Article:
Welcome to Dick's Blog

Sticking up for the little guys...

Thursday, 9 June 2011

14. Dick and the Dancer

Hi, I'm Richard Everyman but people call me Dick
As the bus made its way into the heart of the city I was struck by the dilapidation of the buildings along the way. There were closed shops with sad facades, relics of a more prosperous past. I recognised the spot where the West End Bazaar had once stood, where Billy and his sister bought their catapults and pea shooters on their way to the park. Now, in its place was a boarded up café and above it a sign which read 'Beryl Bites'. The apostrophe 's' on Beryl had long been removed.

Some of the empty buildings had been cleverly disguised with bright posters depicting happy traders. There was a fat butcher brandishing a joint of meat, a greengrocer holding a cucumber and a bunch of bananas and a barber grinning menacingly like Sweeny Todd behind his next client. "Why" I thought, "would people come here to shop if the shops weren't selling anything except a vision of what they could be selling if they were open?"
The bus stopped and I stood up. I let the young lady go before me, to demonstrate to the driver that he had not cornered the market on chivalry. She smiled in thanks and as we stepped off the bus I asked her if she could tell me where the job centre was.
"It's just across the road mate," she said pointing a long red talon in the direction of an ugly sixties edifice "what are you then, an army boy?"
The fact that I was wearing a blue uniform obviously escaped her so, not wanting to go into a long explanation I said I'd signed out of the forces and was now hoping to sign up to the Big Society.
"Well, bloody good luck mate. My last fella was in the Paras, he did Kuwait, Iraq and Afghanistan, came back, got kicked out by his missus, couldn't find a job, started doing crack, then he found God and now he's a youth leader in Peckham."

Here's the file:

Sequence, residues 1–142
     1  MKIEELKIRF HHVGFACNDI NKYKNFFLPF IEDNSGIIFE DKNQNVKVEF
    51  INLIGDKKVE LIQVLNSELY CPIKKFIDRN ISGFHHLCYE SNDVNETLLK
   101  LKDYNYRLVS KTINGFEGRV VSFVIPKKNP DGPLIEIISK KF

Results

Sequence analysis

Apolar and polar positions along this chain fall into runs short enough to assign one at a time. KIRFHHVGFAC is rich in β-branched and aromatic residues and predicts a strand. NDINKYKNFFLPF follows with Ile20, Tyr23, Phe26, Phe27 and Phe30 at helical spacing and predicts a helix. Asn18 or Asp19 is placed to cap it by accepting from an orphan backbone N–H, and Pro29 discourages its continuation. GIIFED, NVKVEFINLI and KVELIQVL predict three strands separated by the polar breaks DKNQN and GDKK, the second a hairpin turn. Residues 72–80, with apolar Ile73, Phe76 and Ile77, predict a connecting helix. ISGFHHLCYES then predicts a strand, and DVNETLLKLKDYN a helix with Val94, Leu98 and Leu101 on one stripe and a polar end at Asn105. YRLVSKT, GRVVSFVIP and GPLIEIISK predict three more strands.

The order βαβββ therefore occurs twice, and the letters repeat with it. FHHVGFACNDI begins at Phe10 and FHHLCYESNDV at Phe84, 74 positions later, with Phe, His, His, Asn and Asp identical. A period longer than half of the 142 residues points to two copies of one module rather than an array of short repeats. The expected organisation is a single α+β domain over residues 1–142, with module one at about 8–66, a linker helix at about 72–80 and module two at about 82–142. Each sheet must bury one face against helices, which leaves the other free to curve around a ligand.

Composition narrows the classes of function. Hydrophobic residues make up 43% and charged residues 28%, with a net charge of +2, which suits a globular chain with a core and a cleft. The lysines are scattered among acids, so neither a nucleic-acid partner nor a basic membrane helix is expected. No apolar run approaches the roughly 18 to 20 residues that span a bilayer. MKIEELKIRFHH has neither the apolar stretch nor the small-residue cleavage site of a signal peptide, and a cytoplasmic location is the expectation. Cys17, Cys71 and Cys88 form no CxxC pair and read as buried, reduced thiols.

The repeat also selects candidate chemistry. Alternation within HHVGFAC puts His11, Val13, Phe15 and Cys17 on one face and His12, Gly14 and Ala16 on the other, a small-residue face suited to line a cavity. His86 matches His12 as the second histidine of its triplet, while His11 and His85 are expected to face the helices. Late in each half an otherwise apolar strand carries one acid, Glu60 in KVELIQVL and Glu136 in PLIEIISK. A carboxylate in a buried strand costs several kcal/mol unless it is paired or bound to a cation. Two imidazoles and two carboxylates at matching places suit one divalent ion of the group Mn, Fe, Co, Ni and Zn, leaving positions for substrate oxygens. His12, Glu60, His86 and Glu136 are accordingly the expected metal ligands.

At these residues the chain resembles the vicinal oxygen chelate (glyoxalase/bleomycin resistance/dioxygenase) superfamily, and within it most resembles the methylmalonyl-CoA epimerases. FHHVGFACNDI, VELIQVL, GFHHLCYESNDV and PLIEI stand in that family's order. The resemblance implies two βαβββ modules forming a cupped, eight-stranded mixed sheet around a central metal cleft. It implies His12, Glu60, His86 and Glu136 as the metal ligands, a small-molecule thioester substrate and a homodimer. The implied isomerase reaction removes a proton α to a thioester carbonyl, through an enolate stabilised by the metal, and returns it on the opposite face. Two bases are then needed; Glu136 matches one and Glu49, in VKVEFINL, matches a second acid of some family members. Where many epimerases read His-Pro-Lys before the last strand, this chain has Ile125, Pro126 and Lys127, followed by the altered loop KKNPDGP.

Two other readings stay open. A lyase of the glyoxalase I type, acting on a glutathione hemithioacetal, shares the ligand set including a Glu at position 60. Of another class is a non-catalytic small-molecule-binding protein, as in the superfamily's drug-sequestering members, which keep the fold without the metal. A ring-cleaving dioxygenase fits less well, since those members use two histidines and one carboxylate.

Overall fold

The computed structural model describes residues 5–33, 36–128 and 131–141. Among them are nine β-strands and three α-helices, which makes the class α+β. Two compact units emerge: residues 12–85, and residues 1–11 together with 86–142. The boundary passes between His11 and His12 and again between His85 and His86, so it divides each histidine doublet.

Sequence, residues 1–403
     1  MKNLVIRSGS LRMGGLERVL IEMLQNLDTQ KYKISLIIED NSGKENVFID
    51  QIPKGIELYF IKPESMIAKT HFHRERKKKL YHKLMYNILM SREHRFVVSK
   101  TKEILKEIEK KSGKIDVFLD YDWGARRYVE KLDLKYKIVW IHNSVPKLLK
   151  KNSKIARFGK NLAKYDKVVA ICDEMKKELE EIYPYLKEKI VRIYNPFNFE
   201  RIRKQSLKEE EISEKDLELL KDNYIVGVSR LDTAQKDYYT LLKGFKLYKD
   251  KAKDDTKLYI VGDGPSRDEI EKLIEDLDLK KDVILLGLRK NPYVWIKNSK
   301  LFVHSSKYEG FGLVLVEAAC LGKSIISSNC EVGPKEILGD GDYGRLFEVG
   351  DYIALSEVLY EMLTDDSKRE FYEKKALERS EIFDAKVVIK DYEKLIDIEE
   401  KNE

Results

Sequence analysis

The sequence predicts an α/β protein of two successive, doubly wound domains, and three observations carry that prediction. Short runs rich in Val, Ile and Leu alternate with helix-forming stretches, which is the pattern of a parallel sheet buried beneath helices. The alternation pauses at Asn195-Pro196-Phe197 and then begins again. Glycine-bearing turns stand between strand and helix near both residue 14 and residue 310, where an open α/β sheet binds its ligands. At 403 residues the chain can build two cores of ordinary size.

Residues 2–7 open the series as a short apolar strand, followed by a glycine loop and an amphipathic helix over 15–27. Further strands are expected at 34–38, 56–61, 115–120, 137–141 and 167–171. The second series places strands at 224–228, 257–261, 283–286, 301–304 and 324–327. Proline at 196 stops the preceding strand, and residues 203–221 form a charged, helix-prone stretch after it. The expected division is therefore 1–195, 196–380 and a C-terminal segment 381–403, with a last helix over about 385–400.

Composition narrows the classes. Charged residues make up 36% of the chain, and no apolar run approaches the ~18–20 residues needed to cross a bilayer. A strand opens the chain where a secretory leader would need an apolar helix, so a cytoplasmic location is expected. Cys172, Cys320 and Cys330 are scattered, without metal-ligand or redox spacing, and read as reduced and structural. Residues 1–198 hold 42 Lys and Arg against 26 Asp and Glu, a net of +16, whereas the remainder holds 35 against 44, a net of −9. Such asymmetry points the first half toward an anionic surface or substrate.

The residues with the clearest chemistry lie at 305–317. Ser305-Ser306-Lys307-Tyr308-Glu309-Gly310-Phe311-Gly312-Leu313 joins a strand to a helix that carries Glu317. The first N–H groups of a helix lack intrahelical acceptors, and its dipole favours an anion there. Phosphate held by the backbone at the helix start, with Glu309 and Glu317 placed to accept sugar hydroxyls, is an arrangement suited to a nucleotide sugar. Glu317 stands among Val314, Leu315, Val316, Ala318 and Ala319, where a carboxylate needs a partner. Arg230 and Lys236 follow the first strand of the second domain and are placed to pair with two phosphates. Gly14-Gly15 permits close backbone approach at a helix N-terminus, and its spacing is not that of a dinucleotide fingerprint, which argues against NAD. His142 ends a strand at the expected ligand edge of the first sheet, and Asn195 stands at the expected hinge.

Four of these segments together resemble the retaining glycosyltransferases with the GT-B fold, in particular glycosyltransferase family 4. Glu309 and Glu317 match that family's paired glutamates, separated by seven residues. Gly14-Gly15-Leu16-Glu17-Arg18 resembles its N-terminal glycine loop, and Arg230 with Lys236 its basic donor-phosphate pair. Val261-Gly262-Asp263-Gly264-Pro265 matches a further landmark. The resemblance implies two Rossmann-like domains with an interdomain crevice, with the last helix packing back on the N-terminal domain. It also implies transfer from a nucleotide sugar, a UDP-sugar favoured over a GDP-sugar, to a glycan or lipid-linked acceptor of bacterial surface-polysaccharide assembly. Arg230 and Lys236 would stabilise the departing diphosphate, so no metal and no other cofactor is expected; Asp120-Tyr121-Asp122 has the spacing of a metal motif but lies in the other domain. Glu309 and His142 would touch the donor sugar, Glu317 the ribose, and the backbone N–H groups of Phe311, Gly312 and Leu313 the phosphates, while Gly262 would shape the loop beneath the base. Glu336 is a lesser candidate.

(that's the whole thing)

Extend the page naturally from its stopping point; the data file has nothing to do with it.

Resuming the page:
"Wow, that's quite a CV." I said. "What about you? What do you do for a living?"
She leaned her head forward then swung it back to let her black hair sweep over her shoulders. "I'm a pole dancer mainly but I do a bit of lap dancing as well." She took a long drag on her cigarette.
I had not detected a Scandinavian accent but I was impressed all the same that an old English tradition had found its way north of the Arctic Circle. It brought back memories of our village fairs. The Maypole festooned with silken ribbons as dancers and musicians celebrated the blossoming Spring and of Billy tying his sister so tightly to the pole that she passed out.
As her fag end fell at my feet I asked, "Is there much of a call for dancing around poles? I'd have thought it was a very seasonal occupation."
"No mate. It's all year round. Here, take one of my cards, you'll have to come along." She rooted about in her clutch bag and gave me a small piece of card. "Good luck with the job hunting"
She turned on her stilettos and skipped across the pavement into the Pound Shop. I looked at her card. It was glossy and black with a photograph of a shiny piece of scaffolding pole from which was hanging a gravity defying and half naked old slapper. It read 'The Black Mamba Club'.
As I placed the card in my pocket I couldn't help feeling a tinge of sadness. I suppose that traditions have to evolve over time but I'm not sure that my grandmother would have been dancing for joy around that pole, at least not before a stiff gin and tonic and with a team of paramedics on hand.
This is Dick Everyman signing out.

No comments:

Post a Comment

Talk to Dick but no profanity please...